Grab a notepad and answer the questions as many times as you can. Don’t worry about nailing down your powers with every answer. Just write down whatever comes to mind. After you brainstorm a while, I show you how to use your answers to pinpoint your superpowers.

Question 1: What are you always doing?

Look around your life. Name some things that you find yourself doing over and over and over. Some examples:

  • “I am always giving people directions.”
  • “I am always fixing technology.”
  • “I am always connecting people together.”

What are YOU always doing?

Question 2: What do people always come to you for help with?

What do your friends, family, and coworkers seem to lean on you for? What are you always fixing for people? What are you always helping others do? Some examples:

  • People always come to me for help with mediating arguments.”
  • “People always come to me for help with setting goals.”
  • “People always come to me for help with organizing large amounts of information.”

What are people always seeking YOUR help for?

Question 3: What do you always feel compelled to volunteer for?

When you’re in a meeting at work, or the PTO, or Church, or anywhere and they ask for volunteers to help with something, what tasks or roles do you always think you should raise your hand for based on your skills & interests (NOT based on how desperate the need may be)? Some examples:

  • “The job I always feel compelled to volunteer for is planning events.”
  • “The job I always feel compelled to volunteer for is writing and sending emails.”
  • “The job I always feel compelled to volunteer for is physically building or assembling things.”

What volunteer roles always call out to YOU?

Question 4: What talents do people admire in you?

Put yourself in someone else’s shoes, particularly the shoes of someone who has a pretty decent opinion of you (we all have at least a few of those). Now that you’re pretending to be someone else, what do you think that person admires about you? Some examples:

  • “People admire my ability to explain complex information in a simple way.”
  • “People admire my ability to make things look pretty.”
  • “People admire my ability to always see the bright side.”

People admire YOU for something. What do they see?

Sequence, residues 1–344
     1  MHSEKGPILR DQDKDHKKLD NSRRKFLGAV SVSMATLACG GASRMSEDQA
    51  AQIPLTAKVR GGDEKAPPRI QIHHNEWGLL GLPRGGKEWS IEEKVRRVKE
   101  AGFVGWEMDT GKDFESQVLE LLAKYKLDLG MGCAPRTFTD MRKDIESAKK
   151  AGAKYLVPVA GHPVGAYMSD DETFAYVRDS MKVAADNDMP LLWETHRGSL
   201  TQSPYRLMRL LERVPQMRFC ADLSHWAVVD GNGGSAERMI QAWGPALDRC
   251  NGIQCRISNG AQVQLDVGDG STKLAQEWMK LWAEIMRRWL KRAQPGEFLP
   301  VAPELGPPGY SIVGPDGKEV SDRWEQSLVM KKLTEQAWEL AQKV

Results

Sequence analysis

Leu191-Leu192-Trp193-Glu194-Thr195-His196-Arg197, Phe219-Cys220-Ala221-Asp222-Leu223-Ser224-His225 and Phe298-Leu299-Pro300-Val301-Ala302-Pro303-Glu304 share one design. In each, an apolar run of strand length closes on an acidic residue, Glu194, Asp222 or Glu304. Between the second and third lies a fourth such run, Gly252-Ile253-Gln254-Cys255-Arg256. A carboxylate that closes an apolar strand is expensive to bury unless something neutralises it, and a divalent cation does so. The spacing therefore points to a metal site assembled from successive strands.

Question 5: What do you do that makes a difference?

Some of our activities and abilities are simply more fulfilling than others. Which ones for you make you feel like you make a difference? Which ones do you feel change something (or someone) in a positive way? Some examples:

  • “I feel like I make a difference when I make people laugh.”
  • “I feel like I make a difference when I comfort people who are hurting.”
  • “I feel like I make a difference when I take work off someone else’s plate.”

This one should definitely make you smile. What do YOU do that makes a difference, large or small?

Question 6: What is your favorite thing in the whole wide world to do?

If there is something you enjoy doing way more than anything else, it could hold clues to your superpowers, because it gives you an idea of what gives you the most pleasure and energy. Some examples:

  • “My favorite thing to do in the whole wide world is having dinner with friends.”
  • “My favorite thing to do in the whole wide world is traveling to new places.”
  • “My favorite thing to do in the whole wide world is teaching kids how to play the guitar.”

What is YOUR favorite thing to do?


Now it’s time to pinpoint your superpowers.

You probably have a pretty lengthy list of answers to the 6 questions above. Every answer definitely indicates a strength for you, but they’re not all superpowers. Here’s how to narrow your list down and pinpoint which ones are likely superpowers for you.

To determine if something is a true superpower, it must pass this simple test. For each of your answers above, ask yourself these four questions. If you answer yes to all four, it could be a superpower for you.

  1. Does it come naturally to me?

    This doesn’t necessarily mean you were born with it, just that it feels completely natural to you at this point in your life.

  2. Am I better at it than most people I know?

    You don’t have to be the best in the world, you simply have more skill in this area than most of the people you know. This is one of the few times it’s ok to compare yourself to others, FYI.

  3. Does it help people?

    Does this ability or activity benefit others in some way? It’s ok if it benefits you, too, but a true superpower helps more people than just you.

  4. Do I enjoy using it?

    There is a high likelihood that several of the answers you came up with are activities and abilities that you might be quite good at, but you don’t particularly enjoy doing. A true superpower is something that you enjoy and look forward to. It gives you energy more often than it depletes you of it.



So what do you do if multiple answers pass the superpower test? I suggest narrowing down to three. Here’s how:

  • Run your answers through the test again. Which three pass the test with the most flying colors?
  • If you’re still unsure, then give more weight to the second half of the test. Which ones help the most people and which ones do you enjoy using the most?

The reason I want you to narrow it down to three is because you only have so much time and you want to use that time to contribute your best, help the most people, and get the most enjoyment out of life, right? By focusing on your top three superpowers, that’s exactly what you’ll be able to do.

Discovering and using your superpowers is one of the core principles of living a Superpowered Life.